But there is another less well known reason for zero g deterioration of bones.  Without the force of gravity, new bones cells cannot align themselves properly when attaching to the bone matrix.  This is likely to be especially problematic for anyone still growing, especially babies and small children.  Everyone sent into space so far has been fully grown.  Whether 0.38g is sufficient gravity to prevent issues of this type, I do not know.  I am tempted to say 'probably yes' given that 0.38g is still substantial gravity.  We won't know for sure until we carry out partial gravity experiments on developing animals in orbit.

Last edited by Calliban (2019-10-18 07:26:47)


Interested in space science, engineering and technology.

Offline

#57 2019-10-18 19:06:58

SpaceNut
Administrator
From: New Hampshire
Registered: 2004-07-22
Posts: 17,382

Re: Artificial 1g Gravity on Mars vs in Space

So how do we nail down the levels of gravity to see what the line of ailments will be along the line from 0 to 1g increments.

We have no data points and the moon while its not 0g has its own open hazards for man on its surface.

I remembered that Nasa created a microgravity device to simulate on earth what it might feel like once in orbit. I was wondering if its speed could be slowed tosimulate the other levels of gravity.

PG82S95.GIF

The Gimbal Rig Mercury Astronaut Trainer


Can we crowd fund a new effort to learn before we get there....

Offline

#58 2019-10-18 19:10:27

louis
Member
From: UK
Registered: 2008-03-24
Posts: 5,333

Re: Artificial 1g Gravity on Mars vs in Space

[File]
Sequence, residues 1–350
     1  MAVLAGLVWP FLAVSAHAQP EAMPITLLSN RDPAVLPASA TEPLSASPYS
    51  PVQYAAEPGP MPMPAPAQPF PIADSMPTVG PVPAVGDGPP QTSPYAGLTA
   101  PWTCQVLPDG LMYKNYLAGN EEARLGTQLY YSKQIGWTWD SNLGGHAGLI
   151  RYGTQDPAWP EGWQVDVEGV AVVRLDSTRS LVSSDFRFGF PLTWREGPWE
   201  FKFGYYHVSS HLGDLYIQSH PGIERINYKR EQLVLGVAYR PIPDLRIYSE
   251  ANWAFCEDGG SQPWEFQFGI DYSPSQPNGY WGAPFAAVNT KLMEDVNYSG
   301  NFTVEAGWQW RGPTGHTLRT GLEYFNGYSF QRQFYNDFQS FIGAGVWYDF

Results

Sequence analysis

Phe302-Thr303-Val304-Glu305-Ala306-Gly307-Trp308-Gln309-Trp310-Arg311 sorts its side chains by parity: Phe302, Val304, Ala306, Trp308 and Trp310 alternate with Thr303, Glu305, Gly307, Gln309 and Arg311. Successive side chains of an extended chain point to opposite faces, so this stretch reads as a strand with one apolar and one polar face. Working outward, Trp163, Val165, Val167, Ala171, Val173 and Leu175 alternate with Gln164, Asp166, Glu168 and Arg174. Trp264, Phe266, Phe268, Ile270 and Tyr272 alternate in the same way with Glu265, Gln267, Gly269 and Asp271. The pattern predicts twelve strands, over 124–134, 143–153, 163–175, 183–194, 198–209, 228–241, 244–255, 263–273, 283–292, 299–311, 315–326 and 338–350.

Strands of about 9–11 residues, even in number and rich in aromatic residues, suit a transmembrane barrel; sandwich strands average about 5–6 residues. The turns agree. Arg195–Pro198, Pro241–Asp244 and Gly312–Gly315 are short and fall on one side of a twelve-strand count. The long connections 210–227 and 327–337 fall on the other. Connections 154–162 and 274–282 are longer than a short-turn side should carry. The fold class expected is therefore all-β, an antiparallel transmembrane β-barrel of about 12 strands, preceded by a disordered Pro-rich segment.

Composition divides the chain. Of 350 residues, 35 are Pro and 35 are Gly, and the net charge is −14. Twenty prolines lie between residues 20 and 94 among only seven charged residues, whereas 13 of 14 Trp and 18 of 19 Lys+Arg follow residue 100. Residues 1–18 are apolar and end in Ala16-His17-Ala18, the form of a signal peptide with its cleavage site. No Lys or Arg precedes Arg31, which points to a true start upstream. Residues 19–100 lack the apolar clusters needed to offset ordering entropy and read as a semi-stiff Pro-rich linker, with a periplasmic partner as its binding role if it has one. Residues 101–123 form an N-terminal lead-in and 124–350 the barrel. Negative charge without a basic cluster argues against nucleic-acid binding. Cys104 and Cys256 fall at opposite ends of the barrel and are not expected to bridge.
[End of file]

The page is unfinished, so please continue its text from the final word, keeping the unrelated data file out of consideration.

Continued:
I disagree. I think you are confusing the issue of muscle/bone loss for which bed rest is a good 0G analog with other issues for which I don't think bed rest gives the same results. 

I think gravitational pull would give the heart muscle the right gravitational workout in your sleep. We don't fully understand the eye and immunity decline issues, but they are likely to be a direct result of 0G, so 1G sleep could help. Obviously this would all need to be tested for effectiveness. A 1G working environment on the Mars surface during hours awake is simply not a practical proposition, I think. During sollight, I think the pioneers should wear weighted suits and boots. Once the base is established, building sleep pods might become a practical possibility. 

Yes, one criticism I have of Musk is he seems to blithely assume people can move to Mars, start reproducing successfully and that children can grow up healthily there. I think it could take 50 years or more like 100 years before we have sorted out all the health issues so that humanity can live there healthily, reproduce and grow through childhood successfully.  A lot of work to be done!


Calliban wrote:
Terraformer wrote:

There's little point to sleeping in 1g. Particularly in space, since it makes more sense to use the central, best shielded part of the spaceship for sleeping.

Indeed.  The effects of 0g on the body are very similar to the effects of bed rest, to the extent that bed rest is used here on Earth as a reasonably good proxy for modelling the effects of zero g.  This suggests that a fully grown adult could sleep in zero g with little ill effect, provided that their waking hours were mostly spent in gravity.

But there is another less well known reason for zero g deterioration of bones.  Without the force of gravity, new bones cells cannot align themselves properly when attaching to the bone matrix.  This is likely to be especially problematic for anyone still growing, especially babies and small children.  Everyone sent into space so far has been fully grown.  Whether 0.38g is sufficient gravity to prevent issues of this type, I do not know.  I am tempted to say 'probably yes' given that 0.38g is still substantial gravity.  We won't know for sure until we carry out partial gravity experiments on developing animals in orbit.


Let's Go to Mars...Google on: Fast Track to Mars blogspot.com

Offline

Board footer

Powered by FluxBB